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CAT 2013@ Strike right balance between Speed and Accuracy

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With 100 days left for CAT, it’s time now for MBA Aspirants to strike balance between speed and accuracy in their mock CAT papers.

You can arrive at the ideal equation between these two very important factors after some thorough analysis. The way to get this right is through a simple two step process

Find the speed at which you can get near 100% accuracy.

After you have found this speed, stay at this speed.

This whole trade-off analysis is an unnecessary distraction. And it needlessly provides one with the excuse “I was trying to do this quicker”. In its current avatar, CAT is not really a speed based exam.

CAT has changed, so should your preparation plan: During the period from 1995 to around 2001/02, CAT used to have around 160-180 questions in the paper, to be tackled in 2 hours. Back then, one needed to attempt ~100-110 questions to get a good score. So, we guys (I took my CAT in 2000) needed to attempt nearly 1 question per minute. The paper had a bunch of tough questions, no doubt; but there would also be plenty of freebies that were easy pickings. There were also plenty of ‘direct’ questions – questions where one never needed to figure out the method – where one just had to plug in a formula and compute. We used to take the exam in frenzy; we were forced to take decisions with a lot of pre-built ideas, we were required to take a lot of chances and hope it would average out.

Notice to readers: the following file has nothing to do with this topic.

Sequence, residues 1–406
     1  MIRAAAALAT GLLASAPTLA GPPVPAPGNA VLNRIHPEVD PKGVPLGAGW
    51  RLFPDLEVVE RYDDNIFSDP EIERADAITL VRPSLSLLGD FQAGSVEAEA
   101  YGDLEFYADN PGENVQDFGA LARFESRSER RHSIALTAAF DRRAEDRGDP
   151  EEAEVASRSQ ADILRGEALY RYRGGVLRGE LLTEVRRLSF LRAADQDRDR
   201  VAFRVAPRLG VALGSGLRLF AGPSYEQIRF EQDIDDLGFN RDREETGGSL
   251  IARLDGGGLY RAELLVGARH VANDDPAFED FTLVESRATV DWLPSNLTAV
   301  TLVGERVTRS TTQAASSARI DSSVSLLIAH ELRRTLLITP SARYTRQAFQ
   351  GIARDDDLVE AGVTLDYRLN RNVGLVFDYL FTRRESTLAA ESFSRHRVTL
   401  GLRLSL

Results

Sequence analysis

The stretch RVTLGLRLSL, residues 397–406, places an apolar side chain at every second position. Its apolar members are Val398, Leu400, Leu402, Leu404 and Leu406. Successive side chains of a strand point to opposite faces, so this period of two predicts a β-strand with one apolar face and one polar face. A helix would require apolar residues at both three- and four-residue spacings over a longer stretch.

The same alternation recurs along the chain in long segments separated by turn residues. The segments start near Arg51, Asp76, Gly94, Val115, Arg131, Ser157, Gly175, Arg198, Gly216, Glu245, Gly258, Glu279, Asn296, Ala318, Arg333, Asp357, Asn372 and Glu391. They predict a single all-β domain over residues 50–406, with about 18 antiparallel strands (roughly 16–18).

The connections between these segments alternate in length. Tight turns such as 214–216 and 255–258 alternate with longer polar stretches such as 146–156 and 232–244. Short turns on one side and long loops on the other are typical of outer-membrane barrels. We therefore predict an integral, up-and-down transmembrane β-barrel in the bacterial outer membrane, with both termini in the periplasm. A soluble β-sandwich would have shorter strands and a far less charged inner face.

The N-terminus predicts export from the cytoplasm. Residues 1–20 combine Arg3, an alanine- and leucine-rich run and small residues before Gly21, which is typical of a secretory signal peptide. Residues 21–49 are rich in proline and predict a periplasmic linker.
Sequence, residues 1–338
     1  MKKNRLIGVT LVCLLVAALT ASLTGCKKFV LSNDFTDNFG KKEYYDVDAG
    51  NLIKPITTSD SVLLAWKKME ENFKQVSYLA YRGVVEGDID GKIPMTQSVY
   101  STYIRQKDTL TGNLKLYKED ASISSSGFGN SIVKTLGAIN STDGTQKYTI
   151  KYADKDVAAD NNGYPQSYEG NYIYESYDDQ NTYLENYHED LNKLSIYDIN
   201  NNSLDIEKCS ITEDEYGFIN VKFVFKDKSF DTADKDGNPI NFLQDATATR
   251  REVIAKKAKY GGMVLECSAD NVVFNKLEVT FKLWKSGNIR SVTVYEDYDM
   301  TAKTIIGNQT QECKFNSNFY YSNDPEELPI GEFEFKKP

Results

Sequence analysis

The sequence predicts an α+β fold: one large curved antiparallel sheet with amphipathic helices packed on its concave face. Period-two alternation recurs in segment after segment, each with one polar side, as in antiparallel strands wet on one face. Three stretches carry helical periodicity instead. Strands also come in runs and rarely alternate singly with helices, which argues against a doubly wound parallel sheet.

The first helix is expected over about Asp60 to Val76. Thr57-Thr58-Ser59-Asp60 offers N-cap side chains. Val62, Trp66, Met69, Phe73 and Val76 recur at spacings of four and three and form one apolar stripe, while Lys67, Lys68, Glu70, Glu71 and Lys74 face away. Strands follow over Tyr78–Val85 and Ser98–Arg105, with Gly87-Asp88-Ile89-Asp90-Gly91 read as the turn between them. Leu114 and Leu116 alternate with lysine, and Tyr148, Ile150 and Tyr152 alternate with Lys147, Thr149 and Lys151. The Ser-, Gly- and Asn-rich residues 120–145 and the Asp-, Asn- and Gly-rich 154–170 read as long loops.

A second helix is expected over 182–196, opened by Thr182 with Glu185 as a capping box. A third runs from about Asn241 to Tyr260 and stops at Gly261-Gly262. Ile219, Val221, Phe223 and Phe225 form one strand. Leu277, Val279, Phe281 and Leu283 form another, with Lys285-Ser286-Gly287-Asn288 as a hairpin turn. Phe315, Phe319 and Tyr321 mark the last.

In the current era, each section has 30 questions for 70 minutes. And if a student gets 16-17 in Quant and 20-21 in verbal, he/she should be in the 99th percentile range in each section. This gives us nearly 4 minutes per quant question and more than 3 minutes per verbal question. So, an extra 30 seconds spent on reading the question correctly is great value.

Mock exams lead to a need-for-speed attitude: The most important negative factor with taking lot of mock exams is this tendency to give too much importance to these percentile scores. Whichever mock CAT series you take, the chances are that there will be someone who has attempted 50 questions and scored 99.xxth percentile. And if you have scored 92nd percentile after having attempted 38 questions, the temptation is to somehow increase the attempts. The correlation between attempts and score is high, but more importantly it is the one that is clearly visible. You will never hear about the guy who attempted 39 questions, got 38 correct, and scored 98th percentile. Chances are, this guy will overtake the 99.xx percentile guy by the time actual CAT happens.

The desire to increase attempts leads to two key errors –

Very high score volatility: A student may scores 98th percentile in one exam and in the very next exam he might fall at 76th. If score volatility is this high, this will hurt confidence in the last lap of your preparation and panicky decisions will creep into the system on D-Day.

A reluctance to resolve between the last two available choices: I hear a great many students saying this “Sir, I know the answer has to be B or D. I mark one and it is usually the other”. If you chase attempts, you will never learn the skill of resolving these 1 out of 2 questions. The best students are the ones that get these correct. They are the ones that take effort to resolve these.

Therefore, develop ability toselect the right questions, have the confidence to skip questions without coming under pressure, and have the presence of mind to stay at your best throughout. How quickly one does a particular question is far less relevant.

Author of this article, Mr Rajesh Balasubramanian, an IIT, IIM alumnus, & 2011, 2012 CAT Topper and the author of CAT books published by ‘Access Publishing India’, guides CAT Aspirants through a series of expert articles on

In his previous article, he suggested a 3-step process that you must go through for each topic in Quant section.

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